How Corn Changed the Cattle Industry

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Once upon a time, cows lived in pastures and grazed on grass, living a life that was as quiet and peaceful as their bovine nature. But then, somebody discovered that feeding cattle cheap, subsidized corn would fatten them up two to three times as fast as grass and that you could raise hundreds of cattle in the same pastoral space that would only support a few. Thus began the era of modern feedlot cattle.

The truth is, a cow’s stomach is made to eat grass – and only grass. Corn is a grain (not a vegetable, as many think) and is harmful to a cow’s health and digestion. Corn-fed cows raised on a feedlot are kept in cramped, dirty conditions and because of their grain diet become sick so quickly that they need to be given frequent doses of antibiotics just to keep them alive long enough to make it to slaughter. (Here’s one heart-breaking image you won’t soon forget.)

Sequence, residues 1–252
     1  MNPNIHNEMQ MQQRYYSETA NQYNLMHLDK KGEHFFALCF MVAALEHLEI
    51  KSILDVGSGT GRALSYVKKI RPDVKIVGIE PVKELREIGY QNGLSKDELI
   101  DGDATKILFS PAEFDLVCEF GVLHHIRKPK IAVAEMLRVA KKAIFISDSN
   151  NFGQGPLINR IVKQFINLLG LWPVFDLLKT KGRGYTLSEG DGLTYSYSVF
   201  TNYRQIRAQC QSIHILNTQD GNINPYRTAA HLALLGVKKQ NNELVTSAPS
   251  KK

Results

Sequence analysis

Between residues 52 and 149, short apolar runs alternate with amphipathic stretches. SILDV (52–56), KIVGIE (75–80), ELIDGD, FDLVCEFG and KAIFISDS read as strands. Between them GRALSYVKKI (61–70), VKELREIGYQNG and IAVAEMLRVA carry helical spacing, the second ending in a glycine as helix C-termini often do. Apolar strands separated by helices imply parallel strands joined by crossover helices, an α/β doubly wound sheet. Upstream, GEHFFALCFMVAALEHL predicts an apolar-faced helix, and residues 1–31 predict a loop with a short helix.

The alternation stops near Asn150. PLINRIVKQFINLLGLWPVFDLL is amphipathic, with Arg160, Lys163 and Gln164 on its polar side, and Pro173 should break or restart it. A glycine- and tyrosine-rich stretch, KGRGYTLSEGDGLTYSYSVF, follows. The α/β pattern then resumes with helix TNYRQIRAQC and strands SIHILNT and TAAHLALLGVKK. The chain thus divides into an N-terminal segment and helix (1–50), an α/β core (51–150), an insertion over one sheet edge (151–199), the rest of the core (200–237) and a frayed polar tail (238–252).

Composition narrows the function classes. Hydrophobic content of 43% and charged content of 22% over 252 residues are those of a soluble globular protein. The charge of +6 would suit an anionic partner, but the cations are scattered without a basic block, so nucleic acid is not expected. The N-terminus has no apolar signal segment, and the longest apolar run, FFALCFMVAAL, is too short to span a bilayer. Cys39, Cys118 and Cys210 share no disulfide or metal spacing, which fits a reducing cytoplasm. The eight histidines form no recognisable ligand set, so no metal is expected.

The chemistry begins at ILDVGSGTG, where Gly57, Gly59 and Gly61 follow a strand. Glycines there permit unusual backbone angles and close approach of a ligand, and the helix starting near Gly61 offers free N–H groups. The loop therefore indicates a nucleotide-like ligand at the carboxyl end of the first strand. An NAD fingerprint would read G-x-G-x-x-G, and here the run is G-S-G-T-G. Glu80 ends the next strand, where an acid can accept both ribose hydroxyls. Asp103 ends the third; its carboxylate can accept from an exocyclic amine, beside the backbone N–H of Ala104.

That sounds pretty awful, but for an industry focused on profit, the equation of corn plus growth hormones makes for fast-fattening cattle (a high-corn diet will fatten a person up pretty quickly too, by the way). But this fat isn’t exactly what you want more of in your food – corn-fed beef is much higher in saturated fat and lower in Omega-3’s than the grass-fed variety.

Then there are the ethics involved: grass-fed cattle have a dramatically better life than their crowded, corn-fed, feedlot cousins. The corn that they’re fed is pesticide-laden, genetically modified and only cheaply available because of government subsidies.

Keep in mind that industrially-grown corn requires a great deal of petroleum (for the machinery and fertilizers) to grow. Supporting corn-fed cattle maintains our addiction and support of the petroleum industry. You could say that in comparison, grass-fed cows are solar powered.

Now think about it – what kind of meat do you want to be eating?

Image: Kansas.com

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